When talking about the dead around Halloween time, some think about ghouls and goblins and things that go bump in the night; others think of sadness, horror and fear. But for Mexicans, it’s fiesta time, in celebration of Día de los Muertos (Day of the Dead), Nov. 2.
Mexicans believe the day opens a window to the world of the deceased when those left behind can reunite with their loved ones. It is a tradition that mixes indigenous and Catholic rituals and beliefs.
Traditionally, the fiesta starts on Oct. 31 with 12 bell chimes at noon to announce the arrival of deceased children. Friends and family wait for them at their homes with tables laden with white flowers, candles – one for every child in the family – glasses of water and a plate of salt, to purify the soul. Toys and incense are set out as well. Later they offer the children chocolate, bread and fruit.
On Nov. 1 at noon, churches ring bells to bid a solemn farewell to deceased kids and then welcome adults with 12 more chimes. They are offered yellow cempasúchil (marigold) flowers, black candlesticks with long candles, food offerings, water and salt. Later, the family gets together to pray the rosary and light a candle dedicated to someone special. At the end of the ceremony, another candle is lit for forgotten souls. Chairs are readied for the departed, and some families make a bed for them.
On Nov. 2, 12 more bells announce the departure of the dead at noon. It’s customary to eat rice, chicken and mole on this day. The following day, more offerings are made.
Traditionally there is also an “altar de muertos” (altar of the dead), decorated with different motifs and usually bearing the favorite meal of the deceased, pan de muerto, beverages and photos.
In Costa Rica, the Day of the Dead, or Day of the Faithful Departed, is not a national holiday, but it is a Holy Day of Obligation in the Catholic Church, which organizes special services in cemeteries around the country on Nov. 2. As a private celebration, some Costa Rican families visit their loved ones’ graves, clean the area and decorate with fresh flowers, and may gather at home afterward for prayers (a rezo) and a meal.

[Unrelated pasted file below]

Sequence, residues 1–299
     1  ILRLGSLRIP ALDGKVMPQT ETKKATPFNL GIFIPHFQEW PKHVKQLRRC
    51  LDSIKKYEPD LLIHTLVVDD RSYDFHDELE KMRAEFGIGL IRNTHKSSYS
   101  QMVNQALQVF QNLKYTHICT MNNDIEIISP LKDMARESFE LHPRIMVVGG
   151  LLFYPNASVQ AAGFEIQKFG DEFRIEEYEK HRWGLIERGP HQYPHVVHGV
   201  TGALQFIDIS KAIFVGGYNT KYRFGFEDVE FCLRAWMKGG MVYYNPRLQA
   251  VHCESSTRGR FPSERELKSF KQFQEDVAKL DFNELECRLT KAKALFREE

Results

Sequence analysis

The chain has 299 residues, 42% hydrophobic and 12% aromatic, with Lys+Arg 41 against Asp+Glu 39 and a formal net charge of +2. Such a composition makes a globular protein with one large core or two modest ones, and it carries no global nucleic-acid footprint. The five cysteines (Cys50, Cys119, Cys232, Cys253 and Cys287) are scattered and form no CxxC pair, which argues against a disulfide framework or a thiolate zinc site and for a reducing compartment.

However, thanks in part to the Mexican community in Costa Rica, you can sometimes find celebratory touches from the original Day of the Dead at events in Costa Rica, especially the classic pan de muerto – or you can whip it up yourself!
Pan de Muerto
5 cups flour
3 tbs yeast
5 whole eggs
5 egg yolks
2 sticks butter
1 cup sugar
3 tbs agua de azahar (available in drugstores as espíritu de azahar)
1 tbs orange zest
1 pinch salt
Sugar for dusting
Dissolve the yeast in four tablespoons warm water, add half a cup of flour and make a soft ball of dough. Let rise for 15 minutes until double in size.
Mix the rest of the flour, salt and sugar. Make a well in the dough and put in the middle three whole eggs, five yolks, butter, orange zest and agua de azahar. Knead well.
Add the small ball of yeast dough and knead again. Let sit in a warm place for an hour until nearly double in size.
Knead again. Shape the bread in round loaves or in the shape of skulls. Place in greased molds.
Beat the remaining two eggs. Decorate the loaves with pieces of dough rolled out to resemble bones or tears; use some of the beaten egg to attach them.
Glaze the entire loaves with the remaining beaten egg and dust with sugar.
Bake in a preheated 350 F oven for 30 to 40 minutes. Let cool and store in a warm, dry place.
This article was originally published in 2008 and has been updated to include information about celebrations of the Day of the Dead in Costa Rica.